David Weinberger at Reboot, June 2005 Today David Weinberger admits he can’t keep up with reading.
I would like to. I really would. I like it and I like you. But we’re now well past the point where any of us can keep up with all the blogs worth reading from the people worth keeping up with. Even with an aggregator. I just can’t do it any more.
The truth is, I probably haven’t read your blog in weeks. Months maybe. And I don’t expect you to have read mine.

Well, I don’t read all of his and your stuff either. Don’t stop writing however! Because I do value the conversation I feel we are continuously involved in, even if that sounds silly when both of us don’t read the other’s half of the conversation.
As I said before in How do you use RSS?, I don’t read everything that ends up in my feed reader. I skim all postings unsorted to get a general feeling of what’s up in ‘my neighbourhood’ of the blogosphere, and some other parts of ‘town’ as well. I look for patterns, for what we all are talking about. If something is important to a number of you, enough to write about it, than it might be important for me too. That is when I might start reading individual postings, to see if it is relevant to me now.
I also have a list of questions and points that are already relevant to me. That is the stuff I write about, and I also read all individual postings that seem to be relevant to that. I don’t feel guilty about that, as David seems to have done.
It is the way things work. First you get a feeling for what is up. You contribute what is relevant to you and on your mind in the here and now. And then engage those in direct conversation that seem to hold interesting views on the stuff that is already on your mind, and the stuff that they brought to the table and attracted your attention. Sounds familiar doesn’t it?
It is what we do meeting on town squares, in the pubs, the salons, at parties, at the family dining table. It is what happens in communities of people. And the 250 people whose thoughts are in my feed-reader are my social community in much the same way. I don’t feel guilty when I skip a pub visit (although I used to do 😉 ). I am sure that the party was great, and the conversation excellent. But it is not about the conversations I miss out on. It is about the value we create in the conversations we do have, and making the most of that. That is what counts.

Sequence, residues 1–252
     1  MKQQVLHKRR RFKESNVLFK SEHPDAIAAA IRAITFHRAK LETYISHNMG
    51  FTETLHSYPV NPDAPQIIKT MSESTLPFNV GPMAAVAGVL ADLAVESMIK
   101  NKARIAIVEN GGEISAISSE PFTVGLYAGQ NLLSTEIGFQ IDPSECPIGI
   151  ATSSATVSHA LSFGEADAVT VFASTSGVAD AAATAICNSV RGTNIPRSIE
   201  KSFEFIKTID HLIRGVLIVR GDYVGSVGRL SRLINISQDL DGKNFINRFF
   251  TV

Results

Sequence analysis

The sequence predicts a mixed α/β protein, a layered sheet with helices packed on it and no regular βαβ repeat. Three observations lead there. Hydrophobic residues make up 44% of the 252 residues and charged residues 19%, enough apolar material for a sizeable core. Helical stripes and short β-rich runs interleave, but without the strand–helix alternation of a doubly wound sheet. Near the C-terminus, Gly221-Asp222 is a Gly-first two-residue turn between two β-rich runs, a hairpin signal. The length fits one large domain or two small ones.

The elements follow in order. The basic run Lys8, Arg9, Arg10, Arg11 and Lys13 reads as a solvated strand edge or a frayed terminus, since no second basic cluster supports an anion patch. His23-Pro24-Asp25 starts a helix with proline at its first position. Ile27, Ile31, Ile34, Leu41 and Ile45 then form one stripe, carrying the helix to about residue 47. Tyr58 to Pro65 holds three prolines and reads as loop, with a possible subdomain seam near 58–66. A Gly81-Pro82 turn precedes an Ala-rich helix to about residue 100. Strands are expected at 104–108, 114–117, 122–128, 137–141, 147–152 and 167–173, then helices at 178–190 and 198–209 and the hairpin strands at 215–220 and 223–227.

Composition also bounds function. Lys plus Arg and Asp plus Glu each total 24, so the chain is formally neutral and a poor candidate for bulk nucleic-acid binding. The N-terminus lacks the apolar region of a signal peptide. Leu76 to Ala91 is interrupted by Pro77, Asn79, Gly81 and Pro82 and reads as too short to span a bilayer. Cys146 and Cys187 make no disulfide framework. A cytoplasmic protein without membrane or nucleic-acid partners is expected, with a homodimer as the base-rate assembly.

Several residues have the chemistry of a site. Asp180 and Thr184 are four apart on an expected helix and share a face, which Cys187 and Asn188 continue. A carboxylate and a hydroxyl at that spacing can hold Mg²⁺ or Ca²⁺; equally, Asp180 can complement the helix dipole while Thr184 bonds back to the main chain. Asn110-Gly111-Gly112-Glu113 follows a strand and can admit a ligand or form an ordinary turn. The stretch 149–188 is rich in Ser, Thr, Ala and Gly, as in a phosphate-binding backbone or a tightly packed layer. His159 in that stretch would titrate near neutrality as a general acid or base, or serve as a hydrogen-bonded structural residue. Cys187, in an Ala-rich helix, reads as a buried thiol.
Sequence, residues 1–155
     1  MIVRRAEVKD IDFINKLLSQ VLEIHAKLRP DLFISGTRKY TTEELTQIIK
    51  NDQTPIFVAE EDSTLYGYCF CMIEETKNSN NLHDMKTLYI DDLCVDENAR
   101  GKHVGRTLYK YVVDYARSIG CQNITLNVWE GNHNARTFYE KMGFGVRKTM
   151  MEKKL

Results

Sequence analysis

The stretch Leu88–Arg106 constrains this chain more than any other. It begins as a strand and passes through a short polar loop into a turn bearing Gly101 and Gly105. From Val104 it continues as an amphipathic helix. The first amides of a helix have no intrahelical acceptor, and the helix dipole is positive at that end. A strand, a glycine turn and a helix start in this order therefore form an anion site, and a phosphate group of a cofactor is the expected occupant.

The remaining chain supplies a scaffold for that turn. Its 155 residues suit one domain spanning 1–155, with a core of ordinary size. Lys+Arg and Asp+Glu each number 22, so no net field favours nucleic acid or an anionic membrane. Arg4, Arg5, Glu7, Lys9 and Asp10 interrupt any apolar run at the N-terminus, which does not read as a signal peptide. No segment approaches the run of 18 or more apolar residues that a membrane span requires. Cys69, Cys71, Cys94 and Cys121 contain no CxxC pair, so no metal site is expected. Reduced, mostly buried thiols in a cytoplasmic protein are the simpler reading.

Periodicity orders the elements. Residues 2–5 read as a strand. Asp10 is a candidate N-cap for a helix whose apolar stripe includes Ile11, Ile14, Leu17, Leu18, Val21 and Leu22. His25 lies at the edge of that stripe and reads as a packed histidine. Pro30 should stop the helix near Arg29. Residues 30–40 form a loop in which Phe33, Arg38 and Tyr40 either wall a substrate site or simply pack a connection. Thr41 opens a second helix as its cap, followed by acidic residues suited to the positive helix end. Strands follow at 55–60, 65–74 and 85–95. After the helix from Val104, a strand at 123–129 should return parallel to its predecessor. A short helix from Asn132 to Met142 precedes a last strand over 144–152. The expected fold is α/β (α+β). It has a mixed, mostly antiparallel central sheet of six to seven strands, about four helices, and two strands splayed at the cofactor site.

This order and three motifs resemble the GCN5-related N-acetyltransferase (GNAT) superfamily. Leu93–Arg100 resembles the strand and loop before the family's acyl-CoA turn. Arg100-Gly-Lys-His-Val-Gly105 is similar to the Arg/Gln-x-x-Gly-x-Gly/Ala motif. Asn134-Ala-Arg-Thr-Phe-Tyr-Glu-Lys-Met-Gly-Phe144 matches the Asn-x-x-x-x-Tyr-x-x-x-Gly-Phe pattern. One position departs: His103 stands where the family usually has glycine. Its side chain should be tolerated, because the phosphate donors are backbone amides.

So when you come up to me and ask if I have read your posting xyz, the most likely answer you’ll get is “no, but I remember seeing a few items about that pass by” or you will get a real genuine “yes”. Chances are then that I’ve already linked or bookmarked it, commented on it, written about it, e-mailed or skyped you, or referenced it face to face.
(picture by macsteve)

2 reactions on “RSS Reading Strategy Revisited

  1. I currently have subscribed to almost 250 feeds, but certainly don’t read all of it. It’s just like a newspaper: usually I skim the headlines and pick out the interesting items, and when I don’t have the time for that I only read the front page.
    The trick is to optimize this process, so you have the most important information on your front page (I use a folder with some important feeds) and to have a high percentage of interesting headlines.

  2. metaphors – models – analogues
    Take, say, Wimbledon Championship 2005.
    Do you watch every match / have you got the time or inclinaion to ?
    Do you watch evey point of every match? And, do you need to in order to (a) appreciate the match (b) get an idea of what each player is like?

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